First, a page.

Maybe America will go into a funk, too, if interest rates rise too rapidly. Then, it seems, the whole world will go into a funk. If the dollar drops more, we certainly will be cutting back on our European imports, especially if we don't have the cash. Europe will funk even more than they are now. What their consumers spend may increasingly be spent on American goods. Ditto the funk for Japan, Korea, Taiwan who are all suffering because of China. Maybe China will experience only single-digit growth for a change - or maybe they will crash hard.

Now Easy Al could turn on the liquidity spigot again in an attempt to support the economy and stocks. Stock bears seem to say either it won't work, because he has no room left, or he'll cause stagflation. Recession, or recession with inflation, pick your poison. If Al can't prevent a deep recession, this may lead to the buying opportunity we all salivate for. Then again, with Al's record so far, maybe he can engineer a soft landing, and maybe stock valuations descend but remain high enough to foil value investors once again and recover once liquidity kicks in.

Inflation? What would be the source? If China cools, commodities cool. There are at least a billion new capitalist workers in the system willing to work at very low wages since the abandonment of communism and the onset of globalization by my estimation. Except for a few jobs that can't be outsourced, you can't imagine a way that wage inflation could occur unless protectionism kicks in. By some estimates, all those goods we import from China are marked up in price by a factor of 3 to 4 to value-add marketing and branding and cover stock options of the American companies that sell them. If true, that's a lot of fat to cut that will tend to temper any rise in raw prices of those goods, a Chinese currency revaluation or any number of other cited bogeymen. Is anyone up for ordering their next new car direct from a shiny new Chinese factory over the internet for cents on the dollar, plus shipping and handling?

Oil at $100 a barrel as some doomsters predict? My next car will be E85-ready (ethanol) bi-fuel (ethanol or gasoline) at a minimum, and possibly a hybrid. I could buy such a car today, but there aren't enough choices yet. Soon there will be. There is an ethanol gas station a short jaunt out of my way that was recently selling ethanol at just over the price of gasoline. When I buy this car, I figure I can cut my petroleum-derived gasoline consumption to about 10% of what it once was if I choose. I can make ethanol in my back yard from corn (with a permit) if I so choose. Shell recently announced a way to make ethanol from hay or grass, or maybe both, I don't remember. If I were OPEC, I'd be scared, and I'd certainly would not allow oil to reach anywhere near $100 a barrel.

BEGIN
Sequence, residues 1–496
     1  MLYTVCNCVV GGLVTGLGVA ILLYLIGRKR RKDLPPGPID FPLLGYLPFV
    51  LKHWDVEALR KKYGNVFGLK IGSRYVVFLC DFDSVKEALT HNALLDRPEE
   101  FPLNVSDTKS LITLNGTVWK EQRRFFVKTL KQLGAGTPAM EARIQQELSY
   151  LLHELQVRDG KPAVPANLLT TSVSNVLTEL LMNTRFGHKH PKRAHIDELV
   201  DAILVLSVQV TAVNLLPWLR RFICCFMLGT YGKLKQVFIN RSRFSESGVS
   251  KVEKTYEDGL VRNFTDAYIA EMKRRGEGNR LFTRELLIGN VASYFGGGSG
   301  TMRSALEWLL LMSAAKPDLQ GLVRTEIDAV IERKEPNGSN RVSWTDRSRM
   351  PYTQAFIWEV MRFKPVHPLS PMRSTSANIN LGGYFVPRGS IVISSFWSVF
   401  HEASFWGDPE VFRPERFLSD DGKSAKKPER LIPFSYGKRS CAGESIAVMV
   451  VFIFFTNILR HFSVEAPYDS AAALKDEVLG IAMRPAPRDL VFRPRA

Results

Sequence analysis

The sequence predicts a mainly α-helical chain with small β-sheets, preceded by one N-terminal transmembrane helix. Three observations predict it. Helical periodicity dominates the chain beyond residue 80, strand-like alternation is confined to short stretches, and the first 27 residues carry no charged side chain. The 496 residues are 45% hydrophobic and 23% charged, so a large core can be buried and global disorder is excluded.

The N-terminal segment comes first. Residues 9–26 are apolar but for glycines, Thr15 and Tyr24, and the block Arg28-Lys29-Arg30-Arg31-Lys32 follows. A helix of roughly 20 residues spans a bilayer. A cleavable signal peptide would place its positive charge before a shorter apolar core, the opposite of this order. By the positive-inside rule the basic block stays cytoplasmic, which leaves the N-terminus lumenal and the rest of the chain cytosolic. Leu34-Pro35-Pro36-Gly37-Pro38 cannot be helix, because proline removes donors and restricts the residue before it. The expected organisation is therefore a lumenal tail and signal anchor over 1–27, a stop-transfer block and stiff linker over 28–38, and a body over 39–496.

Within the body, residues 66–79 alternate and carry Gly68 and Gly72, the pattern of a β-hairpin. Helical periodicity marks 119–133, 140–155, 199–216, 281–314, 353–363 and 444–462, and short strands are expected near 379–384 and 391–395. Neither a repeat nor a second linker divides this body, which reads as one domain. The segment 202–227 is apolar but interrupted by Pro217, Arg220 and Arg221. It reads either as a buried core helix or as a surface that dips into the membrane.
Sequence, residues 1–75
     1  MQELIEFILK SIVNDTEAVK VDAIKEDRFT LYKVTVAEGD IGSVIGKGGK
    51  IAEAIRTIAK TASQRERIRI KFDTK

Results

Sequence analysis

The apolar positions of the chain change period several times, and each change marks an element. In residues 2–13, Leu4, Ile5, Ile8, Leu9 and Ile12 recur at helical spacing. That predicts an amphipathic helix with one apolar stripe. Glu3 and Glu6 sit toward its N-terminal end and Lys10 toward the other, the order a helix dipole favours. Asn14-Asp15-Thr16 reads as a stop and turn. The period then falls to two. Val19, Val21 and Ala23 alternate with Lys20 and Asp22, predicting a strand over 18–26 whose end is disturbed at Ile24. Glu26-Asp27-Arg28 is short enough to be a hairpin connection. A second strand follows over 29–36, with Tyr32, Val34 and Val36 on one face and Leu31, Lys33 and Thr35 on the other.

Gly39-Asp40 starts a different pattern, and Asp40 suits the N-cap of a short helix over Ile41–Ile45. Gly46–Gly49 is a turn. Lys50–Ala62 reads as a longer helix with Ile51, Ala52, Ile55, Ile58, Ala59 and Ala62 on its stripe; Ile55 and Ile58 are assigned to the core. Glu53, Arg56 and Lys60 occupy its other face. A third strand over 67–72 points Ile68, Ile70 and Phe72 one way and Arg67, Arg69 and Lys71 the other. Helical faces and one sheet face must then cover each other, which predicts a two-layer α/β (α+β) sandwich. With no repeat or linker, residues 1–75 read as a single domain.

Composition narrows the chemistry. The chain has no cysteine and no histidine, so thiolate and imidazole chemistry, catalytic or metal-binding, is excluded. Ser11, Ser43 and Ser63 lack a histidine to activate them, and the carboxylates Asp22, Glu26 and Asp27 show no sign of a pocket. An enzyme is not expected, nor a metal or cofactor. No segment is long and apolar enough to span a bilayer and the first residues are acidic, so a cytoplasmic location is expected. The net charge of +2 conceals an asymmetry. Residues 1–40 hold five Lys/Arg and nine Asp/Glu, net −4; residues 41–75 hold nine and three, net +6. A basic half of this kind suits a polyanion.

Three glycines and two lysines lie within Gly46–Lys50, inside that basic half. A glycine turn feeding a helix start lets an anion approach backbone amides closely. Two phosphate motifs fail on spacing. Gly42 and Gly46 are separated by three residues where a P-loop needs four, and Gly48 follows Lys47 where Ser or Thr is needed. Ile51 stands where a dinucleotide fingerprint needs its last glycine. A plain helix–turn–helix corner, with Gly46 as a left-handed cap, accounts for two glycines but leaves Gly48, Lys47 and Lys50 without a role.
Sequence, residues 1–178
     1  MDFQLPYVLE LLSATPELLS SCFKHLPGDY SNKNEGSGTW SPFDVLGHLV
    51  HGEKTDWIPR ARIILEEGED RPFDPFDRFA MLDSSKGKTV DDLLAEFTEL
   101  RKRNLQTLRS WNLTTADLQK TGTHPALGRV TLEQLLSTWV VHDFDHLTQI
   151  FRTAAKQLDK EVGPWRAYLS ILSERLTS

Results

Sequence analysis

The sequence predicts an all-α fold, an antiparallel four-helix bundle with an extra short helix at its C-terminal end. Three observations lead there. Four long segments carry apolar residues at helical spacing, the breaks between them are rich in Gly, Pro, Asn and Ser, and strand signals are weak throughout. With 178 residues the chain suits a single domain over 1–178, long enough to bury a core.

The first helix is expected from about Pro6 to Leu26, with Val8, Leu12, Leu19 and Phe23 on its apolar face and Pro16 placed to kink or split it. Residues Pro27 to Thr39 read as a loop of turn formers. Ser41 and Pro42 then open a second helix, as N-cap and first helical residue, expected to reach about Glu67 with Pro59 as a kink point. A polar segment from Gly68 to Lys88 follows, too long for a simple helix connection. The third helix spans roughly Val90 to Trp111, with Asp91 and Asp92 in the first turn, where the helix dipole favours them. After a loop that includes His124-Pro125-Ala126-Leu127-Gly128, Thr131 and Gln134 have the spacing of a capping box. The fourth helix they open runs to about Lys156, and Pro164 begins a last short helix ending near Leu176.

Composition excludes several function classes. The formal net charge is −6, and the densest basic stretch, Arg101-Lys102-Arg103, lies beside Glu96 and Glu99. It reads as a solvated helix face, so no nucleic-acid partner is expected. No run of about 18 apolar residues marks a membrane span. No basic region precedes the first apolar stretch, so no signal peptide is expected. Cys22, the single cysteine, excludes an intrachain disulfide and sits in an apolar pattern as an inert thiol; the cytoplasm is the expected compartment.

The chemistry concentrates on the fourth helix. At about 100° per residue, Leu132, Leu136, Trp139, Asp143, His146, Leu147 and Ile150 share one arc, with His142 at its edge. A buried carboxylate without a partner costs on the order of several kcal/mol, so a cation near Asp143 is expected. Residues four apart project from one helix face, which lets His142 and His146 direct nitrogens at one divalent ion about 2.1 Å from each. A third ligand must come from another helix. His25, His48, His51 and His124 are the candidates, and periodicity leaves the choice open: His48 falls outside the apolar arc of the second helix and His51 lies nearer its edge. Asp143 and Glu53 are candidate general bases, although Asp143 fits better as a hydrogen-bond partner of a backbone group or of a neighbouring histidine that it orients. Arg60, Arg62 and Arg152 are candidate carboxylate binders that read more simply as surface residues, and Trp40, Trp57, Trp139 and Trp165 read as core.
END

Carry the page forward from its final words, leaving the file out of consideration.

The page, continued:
Easy Al or his replacement may well be free to flood the system with liquidity yet again with no inflation. He just has to watch out for excessive speculation. Derivatives crisis? Maybe he can head that off too with a gush of liquidity. Multiple governments may in fact choose to do so in any such a scenarios. A world awash in too much capital and low inflation may stay that way - for a long, long time. Stocks may not go up much, but they may not go down much either.

Stocks and other investments may stay tantalizingly out of reach of the value investor for long time tracking above their intrinsic value line. At some point, is it possible that the next buy point will be higher than the October '02 low by more than the interest earned on cash? Is it possible that a buy at the '02 low would have actually outperformed cash by that time? Are the days of buying 50-cent dollars over for a while? Surely the history of manias would say no, but history never had Alan Greenspan and the unique circumstances we find ourselves in today.

And so one might wonder, short of some creative investing, what to do with cash....

Comments and sneers welcome.